At this point in the process you should have a very detailed idea of what you want the contractor to do for you. Maybe it is a simple job like replacing the front door. In this case you have the contractors visit your home to see the current conditions. Then you tell them ‘exactly’ what brand and type of door you want. Just like anything else you purchase, there are differences in quality and price. In order for you to accurately compare the quotes you get from different contractors they have to bid the exact same thing. You should not assume you and the contractor are thinking the same thing.
In the simple job of a door replacement discussed above there are many things you need to consider besides the cost of the door itself. Will the contractor dispose of the old door, or leave for you to do. Will the installation be in accordance with the manufactures specifications? (This is mandatory for the company’s warranty). Will the contractor replace the interior and exterior trim that was removed to get the door out? I know this sounds crazy but it happens all the time. When you see a big swing in pricing between reputable contractors, there is a reason. You need to find out what it is. If you make a contractor selection solely on price you will likely be disappointed with the result.
Maybe your job is more complicated than the door replacement. Have your plans and specifications ready for each contractor you want to bid the job. They all have to be given the exact same information package to bid to.
Once you receive the bids back from the contractors you need to grab your self a cup of coffee and get to work. I know you go right to last page and look at the price but there is more to it than that, trust me there is. Although price is important it is not the only thing to look at. If you are lucky, I mean really lucky, all the bids from reputable contractors will be priced very close to each other. This really is a good thing for you. Now your contractor selection is based solely on schedule and personality.
Contractor A, B and C prices are all in the same range. Contractor A is very popular and booked and can not start for 5 months. You need the job started sooner. Contractor B is not booked out as far as Contractor A so he can start quickly. But he runs a small crew and it will take him longer to complete the job. Contractor C can start soon and finish on time, but he has a personality that just does not ‘mesh’ with your own. Not an uncommon problem.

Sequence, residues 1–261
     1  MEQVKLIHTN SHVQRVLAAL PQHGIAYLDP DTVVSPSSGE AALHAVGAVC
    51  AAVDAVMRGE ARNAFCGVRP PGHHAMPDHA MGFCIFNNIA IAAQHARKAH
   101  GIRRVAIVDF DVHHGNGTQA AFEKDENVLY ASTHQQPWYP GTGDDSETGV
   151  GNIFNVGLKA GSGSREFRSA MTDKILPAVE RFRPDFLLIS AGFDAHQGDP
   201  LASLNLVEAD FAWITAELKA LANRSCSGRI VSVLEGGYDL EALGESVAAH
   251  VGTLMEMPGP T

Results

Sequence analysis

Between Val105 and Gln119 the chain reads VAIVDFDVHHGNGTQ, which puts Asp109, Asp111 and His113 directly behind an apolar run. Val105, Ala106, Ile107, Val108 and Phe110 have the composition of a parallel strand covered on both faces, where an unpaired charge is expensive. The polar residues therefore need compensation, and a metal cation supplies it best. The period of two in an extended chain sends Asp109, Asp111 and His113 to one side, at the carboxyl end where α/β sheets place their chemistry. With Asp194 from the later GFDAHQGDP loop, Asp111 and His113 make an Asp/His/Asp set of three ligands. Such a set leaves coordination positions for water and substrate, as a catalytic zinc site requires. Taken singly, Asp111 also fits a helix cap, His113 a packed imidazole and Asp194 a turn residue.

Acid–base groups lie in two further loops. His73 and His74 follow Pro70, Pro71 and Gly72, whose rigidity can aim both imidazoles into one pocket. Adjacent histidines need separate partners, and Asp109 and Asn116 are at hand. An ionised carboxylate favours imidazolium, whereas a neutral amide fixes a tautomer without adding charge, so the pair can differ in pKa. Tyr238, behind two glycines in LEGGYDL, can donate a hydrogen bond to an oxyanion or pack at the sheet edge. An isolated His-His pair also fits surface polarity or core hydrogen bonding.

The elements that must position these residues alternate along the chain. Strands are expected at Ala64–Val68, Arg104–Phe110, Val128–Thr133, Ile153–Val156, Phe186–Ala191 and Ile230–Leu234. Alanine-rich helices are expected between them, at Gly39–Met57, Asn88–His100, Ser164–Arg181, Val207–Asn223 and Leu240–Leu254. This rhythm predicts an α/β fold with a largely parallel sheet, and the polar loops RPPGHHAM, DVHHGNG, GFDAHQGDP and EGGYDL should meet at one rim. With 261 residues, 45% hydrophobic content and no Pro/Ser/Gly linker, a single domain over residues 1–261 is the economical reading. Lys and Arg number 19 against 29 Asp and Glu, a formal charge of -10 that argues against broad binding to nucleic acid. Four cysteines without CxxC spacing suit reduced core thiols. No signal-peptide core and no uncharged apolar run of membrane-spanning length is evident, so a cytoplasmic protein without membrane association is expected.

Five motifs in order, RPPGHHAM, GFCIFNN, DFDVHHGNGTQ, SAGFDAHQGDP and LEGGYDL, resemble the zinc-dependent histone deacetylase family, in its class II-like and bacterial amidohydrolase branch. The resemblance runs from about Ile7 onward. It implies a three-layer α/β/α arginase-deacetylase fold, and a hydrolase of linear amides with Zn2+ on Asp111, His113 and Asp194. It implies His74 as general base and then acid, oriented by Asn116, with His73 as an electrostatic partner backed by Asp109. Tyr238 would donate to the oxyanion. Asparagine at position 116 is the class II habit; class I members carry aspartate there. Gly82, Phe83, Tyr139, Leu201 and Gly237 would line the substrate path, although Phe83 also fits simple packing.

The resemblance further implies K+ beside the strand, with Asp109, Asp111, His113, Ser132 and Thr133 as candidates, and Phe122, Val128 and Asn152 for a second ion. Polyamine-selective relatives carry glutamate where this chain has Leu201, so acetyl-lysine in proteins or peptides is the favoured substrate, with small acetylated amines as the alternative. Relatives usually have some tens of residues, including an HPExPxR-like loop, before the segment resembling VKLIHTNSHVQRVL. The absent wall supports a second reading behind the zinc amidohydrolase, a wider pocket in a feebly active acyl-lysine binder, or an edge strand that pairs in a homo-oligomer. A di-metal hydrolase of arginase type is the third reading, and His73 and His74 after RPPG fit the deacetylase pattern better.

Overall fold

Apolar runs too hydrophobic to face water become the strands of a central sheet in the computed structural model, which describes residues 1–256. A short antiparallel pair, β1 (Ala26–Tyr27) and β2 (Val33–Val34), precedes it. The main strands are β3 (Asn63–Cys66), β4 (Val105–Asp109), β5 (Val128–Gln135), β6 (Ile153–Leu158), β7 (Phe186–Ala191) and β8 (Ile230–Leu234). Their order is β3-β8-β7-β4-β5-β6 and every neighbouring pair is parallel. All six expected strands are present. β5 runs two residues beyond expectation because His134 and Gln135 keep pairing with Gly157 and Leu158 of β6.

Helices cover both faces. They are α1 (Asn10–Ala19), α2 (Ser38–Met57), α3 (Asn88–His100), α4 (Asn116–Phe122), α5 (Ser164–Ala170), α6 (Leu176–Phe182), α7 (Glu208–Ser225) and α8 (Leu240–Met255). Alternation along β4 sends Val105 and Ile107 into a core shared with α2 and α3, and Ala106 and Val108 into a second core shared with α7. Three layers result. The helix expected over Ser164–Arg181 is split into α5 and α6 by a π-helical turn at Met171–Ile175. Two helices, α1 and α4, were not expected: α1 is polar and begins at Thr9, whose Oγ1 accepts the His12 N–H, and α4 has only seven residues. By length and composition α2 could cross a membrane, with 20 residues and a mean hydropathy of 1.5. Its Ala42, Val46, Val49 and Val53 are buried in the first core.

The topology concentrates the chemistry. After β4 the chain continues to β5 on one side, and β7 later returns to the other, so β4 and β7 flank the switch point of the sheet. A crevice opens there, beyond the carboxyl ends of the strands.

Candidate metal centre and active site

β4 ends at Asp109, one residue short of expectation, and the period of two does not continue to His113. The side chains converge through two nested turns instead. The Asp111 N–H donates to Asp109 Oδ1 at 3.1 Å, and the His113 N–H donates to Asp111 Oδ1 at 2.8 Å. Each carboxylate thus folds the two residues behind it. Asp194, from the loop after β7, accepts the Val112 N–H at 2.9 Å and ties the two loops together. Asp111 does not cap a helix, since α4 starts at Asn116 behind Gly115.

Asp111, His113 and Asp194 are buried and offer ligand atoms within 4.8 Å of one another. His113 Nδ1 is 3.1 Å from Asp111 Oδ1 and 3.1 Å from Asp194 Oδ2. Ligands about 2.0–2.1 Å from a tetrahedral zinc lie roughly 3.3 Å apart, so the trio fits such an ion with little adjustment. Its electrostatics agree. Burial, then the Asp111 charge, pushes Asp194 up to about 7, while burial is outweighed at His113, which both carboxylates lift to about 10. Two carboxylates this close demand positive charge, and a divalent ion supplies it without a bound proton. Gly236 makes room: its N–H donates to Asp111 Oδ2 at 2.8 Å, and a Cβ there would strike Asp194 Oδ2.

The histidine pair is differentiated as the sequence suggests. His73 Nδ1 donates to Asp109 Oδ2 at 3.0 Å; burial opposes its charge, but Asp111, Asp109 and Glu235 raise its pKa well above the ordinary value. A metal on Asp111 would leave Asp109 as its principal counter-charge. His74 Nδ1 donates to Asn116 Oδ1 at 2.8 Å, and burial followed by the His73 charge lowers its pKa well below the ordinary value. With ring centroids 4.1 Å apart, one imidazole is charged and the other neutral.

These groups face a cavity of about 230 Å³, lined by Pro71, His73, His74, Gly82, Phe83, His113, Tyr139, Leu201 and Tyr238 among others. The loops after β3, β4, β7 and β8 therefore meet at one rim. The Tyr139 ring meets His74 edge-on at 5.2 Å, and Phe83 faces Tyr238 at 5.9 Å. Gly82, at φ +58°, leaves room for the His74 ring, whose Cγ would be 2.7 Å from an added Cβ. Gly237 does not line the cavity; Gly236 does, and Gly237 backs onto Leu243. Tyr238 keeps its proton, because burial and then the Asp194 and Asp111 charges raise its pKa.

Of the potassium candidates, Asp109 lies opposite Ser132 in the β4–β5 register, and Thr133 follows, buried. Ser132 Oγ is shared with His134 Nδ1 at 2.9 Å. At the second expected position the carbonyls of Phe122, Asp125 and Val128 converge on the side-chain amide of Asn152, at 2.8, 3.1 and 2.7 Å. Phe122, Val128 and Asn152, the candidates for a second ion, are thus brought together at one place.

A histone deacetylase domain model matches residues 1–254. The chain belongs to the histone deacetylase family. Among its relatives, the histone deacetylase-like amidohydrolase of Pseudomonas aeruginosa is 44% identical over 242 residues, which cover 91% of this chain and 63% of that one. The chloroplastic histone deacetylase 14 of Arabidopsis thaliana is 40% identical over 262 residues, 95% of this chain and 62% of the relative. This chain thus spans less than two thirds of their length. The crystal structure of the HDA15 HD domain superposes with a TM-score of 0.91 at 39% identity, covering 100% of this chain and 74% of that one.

Whoever you select to do the work will be in and out of your house for weeks and months working. You need to be able to work with this person and their employees. Trust and good communication is very important in this relationship. These guys will be in your home 5 to 6 days a week from 8am to 5pm. Will they take care of your house and possessions? Will they keep the place clean, contain dust and debris. Will they respect the landscaping you worked so hard to grow? There is a lot more than bottom line price to consider.
You selected your contractor, now what?
Now the fun begins. It really should be fun and exciting to see your project come to life before your eyes. Of course you will have contracts to sign and checks to be written before the work begins. It is all part of the process. Don’t let the word contract scare you. They are a necessity to any large construction project. A contract affords protection to the homeowner and the contractor. It spells out exactly what will be done and at what cost. It details the level of workmanship that is acceptable to both parties. It defines when payments will be made and how much will be paid. It also dictates how unforeseen situations will be handled. In remodels and additions there will always be something unforeseen. The biggest reason is; you cannot see what is behind the walls. We make educated guesses and go from there.
Depending on the size and scope of your job you will see a variety of people and equipment show up at your house at various times during construction. There is a specific order to construction. It may, and probably does, look like chaos in motion but the order is there. When that order is disrupted, delays are inevitable.
What can make the project schedule change? For any exterior work weather is a big driver, special order materials that arrive late or damaged is another. The homeowner can delay a project by not selecting a product or answering a design question in a timely fashion. A sub-contractor runs over time on a pre-existing job and cannot start on time is yet another reason, change orders desired by the home owner is yet another. In short many things can and do cause delays. A good contractor will build some leeway into the schedule to account for these things. It is always better to under commit and over deliver.
If you have done any remodeling in your home before or watch home shows on TV then you have heard about “Change Orders” A change order is nothing more than a change to the original contract. More often than not it is an increase in the work to be performed by the contractor. A good example would be a more expensive counter top is desired after the home owner sees the new cabinets installed, or the addition of crown molding in the new kitchen. You can view a change order as a mini-contract. One that has a set price and deliverable that is separate from the original contract. To eliminate confusion between the original contract and any new changes, contractors will want to be paid in full for any change orders prior to performing that additional work.
As the end of the project draws near all the tools and equipment start to be removed from your property. The area is being cleaned up and your home life starts to return to normal. You and the contractor do a detailed walk through of the project and any discrepancies are noted. Once these discrepancies are corrected to both parties satisfaction final payment is made and your project is complete.
In the weeks and months that follow the Contractor will follow up to see if there are any issues that need to be addressed.
Start by contacting Knollwood Construction and put Chuck’s professional knowledge to work for you, 708-497-5868.